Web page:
ArtsQuest, a nonprofit organization that provides arts and education to the Lehigh Valley community, hosts many local and cultural events throughout the year. These include CelticFest, Oktoberfest and Musikfest: the nation’s largest free music festival.
At Musikfest, people from the greater Lehigh Valley area, including Lehigh students, come together at the Bethlehem SteelStacks to enjoy free music.
At this year’s festival in August, however, gunshots were fired, injuring an attendee.
But Bethlehem’s cultural and local citywide events are still scheduled for the upcoming year with no new security provisions as of now.
Musikfest has been running consecutively for 38 years and has always been free to the public. There are no barriers to entering the festival, such as turnstiles, metal detectors or gated-off areas.
Political science professor and city planning expert Karen Pooley said, despite significant police presence at the event, these were factors that contributed to the shooting.
“The police are walking around all the time,” Pooley said. “I think at an event this large, it’s more about being ready to respond quickly.”
Capt. Nicholas Lechman of the Bethlehem Police Department said the primary goal of the police presence at these events is to handle current incidents and to move people away as quickly as possible.
Some festival-goers were left confused after the shooting.
Ariana Simms, ‘23, said she attended Musikfest with some friends on the day of the shooting.
“I didn’t hear any gunshots, then suddenly it seemed like hundreds of people just started running towards us,” Simms said. “I tried to get somebody to say what was happening — I asked, ‘why is everybody running?’”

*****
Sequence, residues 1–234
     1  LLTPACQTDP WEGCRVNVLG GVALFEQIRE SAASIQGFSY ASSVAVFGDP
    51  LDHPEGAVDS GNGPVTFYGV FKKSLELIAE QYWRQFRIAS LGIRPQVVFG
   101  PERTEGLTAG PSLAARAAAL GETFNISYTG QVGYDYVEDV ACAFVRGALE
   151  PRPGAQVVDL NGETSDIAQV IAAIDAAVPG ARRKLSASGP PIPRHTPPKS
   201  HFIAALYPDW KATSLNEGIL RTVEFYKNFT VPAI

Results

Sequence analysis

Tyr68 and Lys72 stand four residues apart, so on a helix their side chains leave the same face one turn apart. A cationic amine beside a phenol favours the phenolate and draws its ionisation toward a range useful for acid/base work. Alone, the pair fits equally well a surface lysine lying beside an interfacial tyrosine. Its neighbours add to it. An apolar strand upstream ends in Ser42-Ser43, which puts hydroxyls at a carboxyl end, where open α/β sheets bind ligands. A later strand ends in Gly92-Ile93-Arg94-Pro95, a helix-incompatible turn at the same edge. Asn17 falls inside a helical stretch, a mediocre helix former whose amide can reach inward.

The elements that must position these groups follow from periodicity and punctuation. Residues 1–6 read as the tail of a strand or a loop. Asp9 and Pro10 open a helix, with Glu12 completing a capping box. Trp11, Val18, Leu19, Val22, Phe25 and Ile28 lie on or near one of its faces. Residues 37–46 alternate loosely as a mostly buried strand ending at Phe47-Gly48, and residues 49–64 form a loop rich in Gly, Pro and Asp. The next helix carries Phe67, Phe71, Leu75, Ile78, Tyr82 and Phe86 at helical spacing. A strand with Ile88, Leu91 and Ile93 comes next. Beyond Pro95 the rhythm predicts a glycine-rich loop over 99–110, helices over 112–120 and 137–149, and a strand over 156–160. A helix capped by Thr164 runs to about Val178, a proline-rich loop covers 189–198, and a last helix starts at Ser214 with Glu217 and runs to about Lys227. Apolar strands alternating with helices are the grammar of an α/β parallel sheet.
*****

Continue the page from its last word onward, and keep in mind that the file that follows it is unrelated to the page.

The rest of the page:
Simms said she and the people around her did not know what happened at the time. She researched the incident later that night but was unable to find any information.
Lechman said BPD responded well to the event and minimized as much harm as possible.
“We provide additional training for officers in crowd-control measures for Musikfest,” Lechman said. “We have to watch what’s going on throughout other parts of the county to see how police departments are responding to these situations and using that as a learning experience for us to look at best practices for responding to these situations.”
Pooley said Musikfest brings over one million people to the Bethlehem area. After 30 years of millions of people attending the event, she said it is impressive there has only been one incident.
To keep the festival as accessible as possible, Pooley said there is not much else to be done that doesn’t require people to wait in long lines.
“When you have a lot of people doing the right thing, it makes doing the wrong thing a little trickier,” Pooley said. “There are also signs encouraging people to say something if they see something out of the ordinary.”
Simms went back to Musikfest again the following day and said she is excited to go to more local events.
She said there were no new protocols outwardly in place the next day, but the police were carrying larger guns and their presence was more prominent.
Simms said her only wish for BPD is to communicate incidents like this in a more timely manner and to provide clarity to the situation as soon as possible.
BPD is considering researching security measures that can be taken to ensure this does not happen again, but Lechman said they currently do not have any measures in mind.
As for the greater Lehigh Valley, Pooley said she does not believe the area is a place where people should be alarmed about gun violence.
“Concern about gun violence is as much a reality and an issue in the Lehigh Valley that it is anywhere else,” Pooley said. “That said, a lot of communities in our region are creating efforts to better engage community members to figure out alternatives for problem-solving to reduce traumatic incidents where someone is shot, hurt or killed.”
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